Each of my students has been divided into groups to present on each of these forms and doing such presentations so early in the semester is deliberate.  First, it gets my students talking to each other in small groups, bonds them early in a way that they need to be to function well in a workshop.  Second, it makes them accountable to the rest of the class, gets them talking to fellow students outside their groups.  And third, it actively involves them in the making of the class.

Yesterday, the sonnet, was my favorite day so far and I didn't see it coming.  The class started with the presentation and this group, like the ones before, picked up on things that have started to be very important--namely, hearing the poetry aloud.  We not only got the specifics of the form, what separates a Petrarchan sonnet from a Shakespearean, but they found Edna St. Vincent Millay reading via YouTube (something we've done quite often these past weeks).  It's become very important to us to hear the writer reading his or her own work, whenever we can.  As the presentation closed, we were talking about Gerard Manley Hopkins' "Carrion Comfort" and we pulled it apart (with a gentle reminder to Google unfamiliar words and references).  What kind, what meter, what rhyme scheme--this is is our first line of inquiry.  My students had some trouble discerning what the poem itself was about, and because we knew it was Petrarchan, we knew that the first octet would be different than the sestet.  So, what's happening in the octet?  Line by line, word by word, we were able to figure it out.  What's the turn in the sestet?  What's the allusion in the final line?  Once we understood the content, we were able to talk about why Hopkins chose a sonnet for this poem, rather than any other form.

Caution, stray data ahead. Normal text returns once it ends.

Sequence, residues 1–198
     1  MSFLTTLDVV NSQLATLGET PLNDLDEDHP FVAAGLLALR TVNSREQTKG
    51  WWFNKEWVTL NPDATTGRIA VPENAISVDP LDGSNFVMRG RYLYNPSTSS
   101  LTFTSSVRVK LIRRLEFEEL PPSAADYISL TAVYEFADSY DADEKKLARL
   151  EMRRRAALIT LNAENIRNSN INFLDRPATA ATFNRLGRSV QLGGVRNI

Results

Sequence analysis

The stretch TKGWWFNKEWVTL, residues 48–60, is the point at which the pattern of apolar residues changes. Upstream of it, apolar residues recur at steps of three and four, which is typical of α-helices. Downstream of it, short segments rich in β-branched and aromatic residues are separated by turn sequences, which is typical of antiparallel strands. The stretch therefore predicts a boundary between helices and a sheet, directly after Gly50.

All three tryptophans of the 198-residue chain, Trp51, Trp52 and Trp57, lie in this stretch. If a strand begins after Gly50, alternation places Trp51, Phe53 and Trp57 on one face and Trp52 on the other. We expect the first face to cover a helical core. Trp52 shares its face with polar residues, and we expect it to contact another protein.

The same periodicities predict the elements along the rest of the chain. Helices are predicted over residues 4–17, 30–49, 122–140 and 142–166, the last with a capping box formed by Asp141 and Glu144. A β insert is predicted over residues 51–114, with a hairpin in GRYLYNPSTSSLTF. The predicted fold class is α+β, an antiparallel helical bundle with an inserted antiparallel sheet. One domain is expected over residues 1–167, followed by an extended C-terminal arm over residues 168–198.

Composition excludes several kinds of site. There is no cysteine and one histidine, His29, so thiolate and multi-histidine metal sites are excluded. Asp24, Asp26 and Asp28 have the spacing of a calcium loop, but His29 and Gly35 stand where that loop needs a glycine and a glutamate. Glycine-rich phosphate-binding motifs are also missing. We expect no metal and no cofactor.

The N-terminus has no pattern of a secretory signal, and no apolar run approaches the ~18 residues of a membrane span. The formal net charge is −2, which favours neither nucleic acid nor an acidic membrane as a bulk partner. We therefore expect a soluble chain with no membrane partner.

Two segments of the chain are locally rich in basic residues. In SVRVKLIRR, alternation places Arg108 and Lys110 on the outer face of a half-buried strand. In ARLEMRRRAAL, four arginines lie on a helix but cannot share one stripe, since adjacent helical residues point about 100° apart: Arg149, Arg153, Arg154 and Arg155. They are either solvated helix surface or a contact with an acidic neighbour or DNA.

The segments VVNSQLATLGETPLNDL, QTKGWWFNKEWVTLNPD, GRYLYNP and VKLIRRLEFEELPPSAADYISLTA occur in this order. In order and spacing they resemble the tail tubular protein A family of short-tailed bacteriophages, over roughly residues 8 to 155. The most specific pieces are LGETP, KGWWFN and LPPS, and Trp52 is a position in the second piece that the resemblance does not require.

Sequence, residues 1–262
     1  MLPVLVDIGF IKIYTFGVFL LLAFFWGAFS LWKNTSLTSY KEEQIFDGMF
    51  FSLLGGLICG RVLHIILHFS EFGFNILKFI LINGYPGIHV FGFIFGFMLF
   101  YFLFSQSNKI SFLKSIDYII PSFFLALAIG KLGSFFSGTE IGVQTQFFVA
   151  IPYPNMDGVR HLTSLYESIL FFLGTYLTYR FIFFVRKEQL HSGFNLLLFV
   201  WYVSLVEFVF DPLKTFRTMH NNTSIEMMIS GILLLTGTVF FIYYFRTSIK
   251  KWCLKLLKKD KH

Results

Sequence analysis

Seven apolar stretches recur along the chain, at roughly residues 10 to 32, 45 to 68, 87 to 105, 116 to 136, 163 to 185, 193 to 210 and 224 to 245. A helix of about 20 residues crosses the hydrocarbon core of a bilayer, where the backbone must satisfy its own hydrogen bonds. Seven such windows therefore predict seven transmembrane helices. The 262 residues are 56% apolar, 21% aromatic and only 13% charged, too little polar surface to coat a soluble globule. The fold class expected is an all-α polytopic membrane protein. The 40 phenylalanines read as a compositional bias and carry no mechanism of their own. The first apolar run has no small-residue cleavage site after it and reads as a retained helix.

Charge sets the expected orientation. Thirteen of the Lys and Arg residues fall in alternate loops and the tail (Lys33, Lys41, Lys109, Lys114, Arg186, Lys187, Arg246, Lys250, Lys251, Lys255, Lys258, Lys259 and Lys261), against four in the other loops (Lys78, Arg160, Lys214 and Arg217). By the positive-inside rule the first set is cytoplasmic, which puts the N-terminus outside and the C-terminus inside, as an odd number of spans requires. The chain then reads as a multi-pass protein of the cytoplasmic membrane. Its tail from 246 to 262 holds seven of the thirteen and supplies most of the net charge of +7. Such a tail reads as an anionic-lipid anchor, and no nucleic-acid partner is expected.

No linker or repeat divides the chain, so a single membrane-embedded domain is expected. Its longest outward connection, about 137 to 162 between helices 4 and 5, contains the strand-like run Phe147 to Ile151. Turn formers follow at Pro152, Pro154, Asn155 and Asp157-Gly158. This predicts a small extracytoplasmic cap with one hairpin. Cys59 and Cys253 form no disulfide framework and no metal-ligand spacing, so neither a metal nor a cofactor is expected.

I then assigned each group a sonnet with the directions, as has become familiar, to scan the poem to determine meter, label the rhyme scheme, and identify what kind of sonnet it is.  We looked at Shelley's "Ozymandias," Patrick Kavanagh's "Epic," Seamus Heaney's "The Haw Lantern," Denis Johnson's "Heat," and Elizabeth Barrett Browning's "How do I love thee."  Having two Irish sonnets in there was unintentional, but they turned out to be the most interesting discussions of the day.  Denis Johnson's "Heat" also provoked an incredible discussion about why he uses this constrictive form to write about the chaos that is August--and what we felt also dealt with the freedom of the 1960s.